The Republican Governor of South Carolina today ordered the removal of the Confederate battle flag from the state capitol. Josh Marshall lauds the (overdue) move:
[I]t is important to note that the incorporation of the Confederate battle flag into Southern state flags and flying it at capitol buildings isn't some relic of the post-Civil War days. It's quite new. In most cases it goes back a little over 50 years to the 1950s and early 1960s. In other words, the prominent public display of the flag (if not the popularity of the flag itself, though partly that too) doesn't commemorate the Civil War or the Confederacy, it was the emblem of the 'massive resistance' movement of the 1950s and 1960s in which white Southern state government sought to defy the federal government's effort to force desegration, black enfranchisement and formal legal and political equality for African-Americans on the South.
So why did [Sunday's] massacre, horrific as it is, lead - apparently - to the complete collapse of support for flying the Confederate battle flag? It's certainly not that Southern state governments are less conservative or Republican than they were 10 or 15 years ago. Far from it. And more specifically and relevantly, nor are they more progressive on race issues than a decade a more ago. So why? At a basic level, I'm not totally sure, thus my surprise. At some level, of course, it is the sheer horror of Dylann Roof's crime, his totally unambiguous motivation and his open use of the flag's symbolism. There's also a herd affect. Once Nicki Haley decided it was time to bring down the flag it probably became much, much harder for comparable leaders in other states to hold out. But neither explanation, to my mind, really captures the sea change. The best explanation I can think of is one David Kurtz suggested, which is generational. A lot of people who were alive and politically active are no longer with us. And it certainly stands to reason that that generational cohort would have been the staunchest in its resistance to the change.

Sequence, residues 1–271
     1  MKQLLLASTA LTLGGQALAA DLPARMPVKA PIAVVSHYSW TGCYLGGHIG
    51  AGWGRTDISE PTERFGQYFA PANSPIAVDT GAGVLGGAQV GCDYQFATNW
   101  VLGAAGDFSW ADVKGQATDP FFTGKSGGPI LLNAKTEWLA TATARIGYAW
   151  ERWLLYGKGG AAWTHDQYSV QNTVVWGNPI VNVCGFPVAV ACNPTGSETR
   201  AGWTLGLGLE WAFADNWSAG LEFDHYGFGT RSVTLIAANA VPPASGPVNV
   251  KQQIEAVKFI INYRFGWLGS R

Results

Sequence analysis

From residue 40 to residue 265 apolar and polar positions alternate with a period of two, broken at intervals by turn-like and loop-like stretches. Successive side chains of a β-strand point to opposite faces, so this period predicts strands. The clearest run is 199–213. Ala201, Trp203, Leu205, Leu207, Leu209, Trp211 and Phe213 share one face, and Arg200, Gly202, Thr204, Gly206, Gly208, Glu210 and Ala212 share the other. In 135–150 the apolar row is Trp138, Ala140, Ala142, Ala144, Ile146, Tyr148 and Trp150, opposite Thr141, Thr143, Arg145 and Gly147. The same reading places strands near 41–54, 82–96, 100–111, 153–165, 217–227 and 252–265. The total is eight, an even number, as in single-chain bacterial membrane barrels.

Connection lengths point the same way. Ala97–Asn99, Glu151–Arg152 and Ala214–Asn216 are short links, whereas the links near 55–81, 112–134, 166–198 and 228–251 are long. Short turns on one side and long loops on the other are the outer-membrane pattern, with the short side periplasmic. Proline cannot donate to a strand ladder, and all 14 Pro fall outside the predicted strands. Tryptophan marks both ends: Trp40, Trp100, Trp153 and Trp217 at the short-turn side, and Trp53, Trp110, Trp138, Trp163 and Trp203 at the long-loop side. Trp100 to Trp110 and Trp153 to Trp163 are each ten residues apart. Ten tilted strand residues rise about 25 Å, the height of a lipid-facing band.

The United States put down the pro-slavery rebellion 150 years ago at the cost of 3 million American lives. I'm glad the South is finally taking a small step towards adulthood.